„By?oby bardzo powa?nym b??dem wyci?ga? (…) wniosek, ?e norma, której naucza Ko?ció?, sama w sobie jest tylko «idea?em», jaki nale?y nast?pnie przystosowa?, uczyni? proporcjonalnym, odpowiednim do tak zwanych konkretnych mo?liwo?ci cz?owieka: wed?ug «bilansu ró?nych korzy?ci w tym zakresie».

[I can’t get the Polish to show up correctly in WordPress–sorry!]

Granted the various scenarios listed above, I am inclined to think that JPII did use the word “ideal”.  However, the word itself does not seem to be evil.  Let’s take a look at Veritatis Splendor 16:

Atque, tametsi ille eiusmodi dat responsionem atque ab adulescentia firmiter magnoque animo optimam doctrinae moralis speciem custodivit, dives adulescens agnoscit se longe abesse a meta: coram Iesu animadvertit se aliqua re carere.

Here the Latin text speaks of the man who, from his youth, has preserved the “best species” or “best appearance” or “best kind” of moral teaching.  our English text renders this with the word “ideal”:

And yet, even though he is able to make this reply, even though he has followed the moral ideal seriously and generously from childhood, the rich young man knows that he is still far from the goal: before the person of Jesus he realizes that he is still lacking something.

How do the other modern-language versions approach it?  Like this:

Und dennoch, obwohl es ihm möglich ist, eine solche Antwort zu geben, und obwohl er von Kindheit an dem sittlichen Ideal mit Ernsthaftigkeit und Großmut gefolgt ist, weiß der reiche Jüngling, daß er vom Ziel noch weit entfernt ist: vor der Person Jesu wird er gewahr, daß ihm noch etwas fehlt.

Sin embargo, aunque el joven rico sea capaz de dar una respuesta tal; aunque de verdad haya puesto en práctica el ideal moral con seriedad y generosidad desde la infancia, él sabe que aún está lejos de la meta; en efecto, ante la persona de Jesús se da cuenta de que todavía le falta algo.

E contudo, mesmo sendo-lhe possível dar semelhante resposta, mesmo tendo seguido o ideal moral com seriedade e generosidade desde a sua infância, o jovem rico sabe que está ainda longe da meta: diante da pessoa de Jesus, percebe que ainda lhe falta alguma coisa.

E tuttavia, se anche gli è possibile dare una simile risposta, se anche ha seguito l’ideale morale con serietà e generosità fin dalla fanciullezza, il giovane ricco sa di essere ancora lontano dalla meta: davanti alla persona di Gesù avverte che qualcosa ancora gli manca.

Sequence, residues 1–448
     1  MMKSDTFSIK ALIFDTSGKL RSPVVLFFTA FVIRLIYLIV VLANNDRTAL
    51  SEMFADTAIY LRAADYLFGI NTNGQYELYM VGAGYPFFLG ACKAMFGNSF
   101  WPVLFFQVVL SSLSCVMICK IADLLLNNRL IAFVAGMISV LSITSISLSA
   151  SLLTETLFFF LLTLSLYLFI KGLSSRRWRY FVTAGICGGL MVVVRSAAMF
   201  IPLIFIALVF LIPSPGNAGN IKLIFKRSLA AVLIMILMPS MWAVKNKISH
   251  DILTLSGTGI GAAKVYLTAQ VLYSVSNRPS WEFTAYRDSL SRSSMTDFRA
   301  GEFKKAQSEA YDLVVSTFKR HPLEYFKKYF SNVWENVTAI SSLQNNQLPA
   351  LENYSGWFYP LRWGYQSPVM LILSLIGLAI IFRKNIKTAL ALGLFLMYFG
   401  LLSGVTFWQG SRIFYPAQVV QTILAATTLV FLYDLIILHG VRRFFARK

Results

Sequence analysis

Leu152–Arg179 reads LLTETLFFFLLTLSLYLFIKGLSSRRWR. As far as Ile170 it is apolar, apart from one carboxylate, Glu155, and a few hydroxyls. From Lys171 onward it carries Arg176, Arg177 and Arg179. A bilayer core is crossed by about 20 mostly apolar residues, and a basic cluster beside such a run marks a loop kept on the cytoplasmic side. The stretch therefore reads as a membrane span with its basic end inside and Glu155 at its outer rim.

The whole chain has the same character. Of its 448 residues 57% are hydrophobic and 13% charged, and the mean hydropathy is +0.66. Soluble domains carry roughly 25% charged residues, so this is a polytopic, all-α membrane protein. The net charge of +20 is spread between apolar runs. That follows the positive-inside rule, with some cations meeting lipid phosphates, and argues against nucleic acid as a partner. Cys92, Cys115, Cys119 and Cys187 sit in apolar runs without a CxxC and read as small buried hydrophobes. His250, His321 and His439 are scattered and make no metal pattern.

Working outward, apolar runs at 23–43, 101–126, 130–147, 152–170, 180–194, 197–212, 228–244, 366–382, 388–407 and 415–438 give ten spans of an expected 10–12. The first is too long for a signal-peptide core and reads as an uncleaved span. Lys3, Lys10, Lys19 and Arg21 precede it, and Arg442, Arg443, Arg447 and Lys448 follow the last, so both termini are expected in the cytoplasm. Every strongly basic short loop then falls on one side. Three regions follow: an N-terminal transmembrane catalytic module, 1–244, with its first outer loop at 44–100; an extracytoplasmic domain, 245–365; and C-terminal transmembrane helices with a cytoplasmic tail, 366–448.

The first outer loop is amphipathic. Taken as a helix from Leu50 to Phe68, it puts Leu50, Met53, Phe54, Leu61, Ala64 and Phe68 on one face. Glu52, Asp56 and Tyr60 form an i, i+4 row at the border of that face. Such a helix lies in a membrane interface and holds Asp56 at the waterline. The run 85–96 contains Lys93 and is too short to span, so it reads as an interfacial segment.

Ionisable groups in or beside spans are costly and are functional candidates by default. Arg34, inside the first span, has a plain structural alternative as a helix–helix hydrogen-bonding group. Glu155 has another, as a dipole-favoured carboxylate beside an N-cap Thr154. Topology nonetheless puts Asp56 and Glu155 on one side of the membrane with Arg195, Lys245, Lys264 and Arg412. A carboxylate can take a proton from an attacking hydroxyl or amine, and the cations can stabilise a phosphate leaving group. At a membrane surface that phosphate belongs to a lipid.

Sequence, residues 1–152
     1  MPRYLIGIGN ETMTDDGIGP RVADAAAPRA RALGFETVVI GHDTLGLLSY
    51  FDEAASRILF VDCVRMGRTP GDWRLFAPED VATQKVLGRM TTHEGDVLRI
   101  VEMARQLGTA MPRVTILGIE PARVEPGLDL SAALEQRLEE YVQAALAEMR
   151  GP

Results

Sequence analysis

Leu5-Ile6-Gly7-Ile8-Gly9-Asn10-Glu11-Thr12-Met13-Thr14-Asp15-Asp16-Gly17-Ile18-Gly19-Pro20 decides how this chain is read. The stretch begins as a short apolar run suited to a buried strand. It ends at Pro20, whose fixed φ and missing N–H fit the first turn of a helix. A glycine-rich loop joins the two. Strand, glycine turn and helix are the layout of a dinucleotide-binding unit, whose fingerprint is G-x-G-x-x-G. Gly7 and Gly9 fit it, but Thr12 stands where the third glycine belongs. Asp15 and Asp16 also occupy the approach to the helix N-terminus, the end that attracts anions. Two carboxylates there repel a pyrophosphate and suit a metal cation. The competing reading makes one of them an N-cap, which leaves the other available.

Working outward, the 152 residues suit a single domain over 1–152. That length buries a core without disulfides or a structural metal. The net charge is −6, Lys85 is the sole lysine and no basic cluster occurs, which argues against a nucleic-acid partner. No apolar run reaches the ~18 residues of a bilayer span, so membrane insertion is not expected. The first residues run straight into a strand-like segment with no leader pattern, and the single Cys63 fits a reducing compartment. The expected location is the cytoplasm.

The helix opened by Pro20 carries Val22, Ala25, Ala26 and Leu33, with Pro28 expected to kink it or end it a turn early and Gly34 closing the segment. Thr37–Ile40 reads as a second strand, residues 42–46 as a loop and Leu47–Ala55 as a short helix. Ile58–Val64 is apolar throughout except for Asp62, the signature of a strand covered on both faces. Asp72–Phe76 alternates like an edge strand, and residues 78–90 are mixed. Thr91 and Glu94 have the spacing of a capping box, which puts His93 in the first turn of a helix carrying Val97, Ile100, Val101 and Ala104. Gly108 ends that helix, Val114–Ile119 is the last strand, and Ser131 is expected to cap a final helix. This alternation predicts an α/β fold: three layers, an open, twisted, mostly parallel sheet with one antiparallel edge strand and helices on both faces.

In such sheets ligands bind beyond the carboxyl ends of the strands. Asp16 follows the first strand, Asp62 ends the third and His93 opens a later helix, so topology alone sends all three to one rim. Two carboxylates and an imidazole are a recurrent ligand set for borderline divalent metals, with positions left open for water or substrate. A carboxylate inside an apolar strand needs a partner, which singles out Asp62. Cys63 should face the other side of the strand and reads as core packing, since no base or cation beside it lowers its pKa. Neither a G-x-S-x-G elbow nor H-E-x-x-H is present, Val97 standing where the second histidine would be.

Cependant, s’il lui est possible de donner une réponse semblable, s’il a aussi suivi l’idéal moral avec sérieux et avec générosité depuis son enfance, le jeune homme riche sait qu’il est encore loin du but ; face à la personne de Jésus, il saisit que quelque chose lui manque encore.

Ale nawet je?li bogaty m?odzieniec mo?e tak powiedzie?, je?li od dzieci?stwa konsekwentnie i z po?wi?ceniem d??y? do osi?gni?cia idea?u doskona?o?ci, to jednak ma ?wiadomo??, ?e daleko jest jeszcze od celu: staj?c przed Jezusem odczuwa, ?e nadal czego? mu brakuje.

Again, it would appear that JPII wrote in a modern language, and that the other languages referred to his original rather than exclusively to the Latin text.  Other scenarios are possible, but this one seems probable.

Which modern language did he write in?  The probable options are Polish and Italian.  Look over the examples above, and something jumps out:  the Latin text refers to the optimam speciem, the “best species” or “best kind” of moral doctrine, and while the various modern-language versions do not reflect the Latin word optimam.  Wait, one modern-language version does:  the Polish, with its use of “doskona?o?ci”.  So I would hazard a guess that the Polish was the original, the Latin was translated from the Polish, and the other versions were created either from the Polish or from the Latin with reference to the Polish.

In any case, it seems clear that the word “ideal” was on JPII’s mind, and is also on Francis’s mind.  A comparison of their thought based on their approaches to this word is not in itself a chasing after wind.

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Author: Dr. Holmes

Dr. Jeremy Holmes teaches Theology at Wyoming Catholic College. He lives in Wyoming with his wife, Jacinta, and their eight children.